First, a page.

Support inclusive geosciences by taking this workplace survey today!

Support inclusive geosciences by taking this workplace survey today!

By Andrea L. Popp, Anouk Beniest, Anita Di Chiara, Derya Gürer, Elenora van Rijsingen, Mengze Li and Simone Pieber.

The geoscience community has long been recognized as one of the least diverse scientific fields. However, the extent to which this homogeneity affects workplace climate, particularly for under-represented groups, remains unclear (Berhe et al., 2022; Popp et al., 2019). Documented instances of prejudice, unequal treatment, intimidation, and other exclusionary conduct considerably contribute to the low retention rate of minority groups within the geosciences (Marín-Spiotta et al., 2020). Reports on harmful work environments often make headlines, but without comprehensive data on the individuals affected, it is challenging to develop targeted and effective solutions.

In response to this, we have launched an anonymous survey to better understand the experiences of geoscientists from different backgrounds in their workplace environments. And we need your help to get more data! The survey is accessible here and covers crucial topics that impact workplace climates, such as feelings of belonging, appreciation and support, as well as harassment and discrimination. Additionally, it explores potential strategies and recommendations for enhancing workplace climates across the geoscience community.

The survey remains open and we invite all geoscientists to participate and share their experiences. Your insights will help shape future policies and actions aimed at fostering a safe and inclusive workplace environment in the geosciences. Together, we can create a more diverse and equitable community that is better equipped to tackle the pressing challenges facing our planet.


Preliminary results and feedback we received during the recent EGU General Assembly EGU23 underscore the need for institutions to take action in transforming workplace environments into safe spaces where geoscientists can thrive. Here we suggest some steps to achieve this:

  • Increase awareness and education: Institutions should promote a culture of understanding and belonging by providing training programs that address implicit biases and inclusion. These programs should be open to all employees, including
    faculty, staff, and students.
  • Establish clear reporting mechanisms: Transparent and accessible reporting systems for incidents of harassment or discrimination are crucial. This includes providing multiple channels for reporting and ensuring confidentiality and protection for those who come forward.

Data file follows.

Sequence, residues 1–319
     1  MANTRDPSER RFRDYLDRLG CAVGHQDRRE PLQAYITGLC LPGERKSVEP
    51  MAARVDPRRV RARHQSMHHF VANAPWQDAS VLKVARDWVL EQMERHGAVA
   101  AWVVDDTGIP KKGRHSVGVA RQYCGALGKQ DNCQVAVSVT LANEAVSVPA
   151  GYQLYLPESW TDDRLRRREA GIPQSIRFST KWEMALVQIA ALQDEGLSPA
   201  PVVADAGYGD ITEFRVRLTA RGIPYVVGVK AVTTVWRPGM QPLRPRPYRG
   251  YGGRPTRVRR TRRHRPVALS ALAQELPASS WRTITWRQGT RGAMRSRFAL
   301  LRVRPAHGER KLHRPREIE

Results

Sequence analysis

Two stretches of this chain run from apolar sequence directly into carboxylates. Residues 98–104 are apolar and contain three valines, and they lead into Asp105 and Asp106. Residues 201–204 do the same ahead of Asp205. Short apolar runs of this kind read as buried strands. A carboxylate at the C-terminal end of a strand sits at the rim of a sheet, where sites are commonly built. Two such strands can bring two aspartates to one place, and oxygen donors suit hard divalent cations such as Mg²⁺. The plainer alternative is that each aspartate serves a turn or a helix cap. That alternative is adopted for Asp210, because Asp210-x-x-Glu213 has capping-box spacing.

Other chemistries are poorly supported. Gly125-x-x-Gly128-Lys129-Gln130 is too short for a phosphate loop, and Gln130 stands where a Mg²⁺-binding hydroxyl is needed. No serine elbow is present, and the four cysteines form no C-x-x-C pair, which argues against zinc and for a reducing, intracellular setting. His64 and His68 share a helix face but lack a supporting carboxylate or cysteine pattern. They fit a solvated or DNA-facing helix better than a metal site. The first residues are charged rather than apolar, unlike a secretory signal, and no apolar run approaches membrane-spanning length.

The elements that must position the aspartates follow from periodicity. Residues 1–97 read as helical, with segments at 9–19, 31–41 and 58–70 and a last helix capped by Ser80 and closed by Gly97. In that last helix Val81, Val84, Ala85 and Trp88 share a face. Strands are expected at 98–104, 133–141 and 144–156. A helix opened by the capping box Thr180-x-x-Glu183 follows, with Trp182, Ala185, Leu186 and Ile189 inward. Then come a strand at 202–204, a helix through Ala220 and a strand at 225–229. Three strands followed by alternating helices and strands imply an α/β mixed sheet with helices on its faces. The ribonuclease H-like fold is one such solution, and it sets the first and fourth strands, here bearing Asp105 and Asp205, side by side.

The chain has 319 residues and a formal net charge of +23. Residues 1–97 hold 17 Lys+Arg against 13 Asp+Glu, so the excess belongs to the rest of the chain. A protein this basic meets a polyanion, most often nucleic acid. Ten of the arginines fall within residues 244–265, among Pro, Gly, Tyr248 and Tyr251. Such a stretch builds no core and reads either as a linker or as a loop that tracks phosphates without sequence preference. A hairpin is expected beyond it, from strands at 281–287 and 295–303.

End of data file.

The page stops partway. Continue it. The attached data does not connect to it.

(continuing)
• Implement effective policies: Institutions need to develop and enforce policies that promote a safe, inclusive, and respectful work environment. This may involve revising existing policies, creating new ones or adopting best practices from other organizations.
  • Foster a supportive community: Encourage open dialogue and foster an atmosphere of support for those who have experienced workplace issues. This can be achieved through regular meetings, mentorship programs, and other resources to help individuals cope and navigate challenging situations.
  • Monitor progress and adapt: Regularly review the effectiveness of policies and initiatives in promoting workplace safety, and be prepared to adapt and refine strategies as needed. This may involve conducting follow-up surveys, soliciting
    feedback, or analysing trends in reported incidents.


If you have more ideas on how to create inclusive workplace environments for everyone, please leave a comment or reach out to us! The geoscience community has an opportunity to lead by example in creating safe, inclusive work environments. By acknowledging the issues and working together to implement meaningful changes, we can cultivate a space where all geoscientists can thrive, regardless of their background or identity.

Andrea Popp is a Postdoctoral Fellow at the Department of Geosciences, University of Oslo, Norway and Researcher & Project Leader at the Hydrological Research Unit of SMHI (Swedish Meteorological and Hydrological Institute), Sweden. She is also a member of EGU's Equality, Diversity, and Inclusion (EDI) Working Group. Andrea's academic interests include surface water groundwater interactions in alpine and arctic environments, the linking of hydrological processes and greenhouse gas evasion in high-latitude catchments, and the integration of environmental tracer data with different modelling approaches. For more information about her research, please visit

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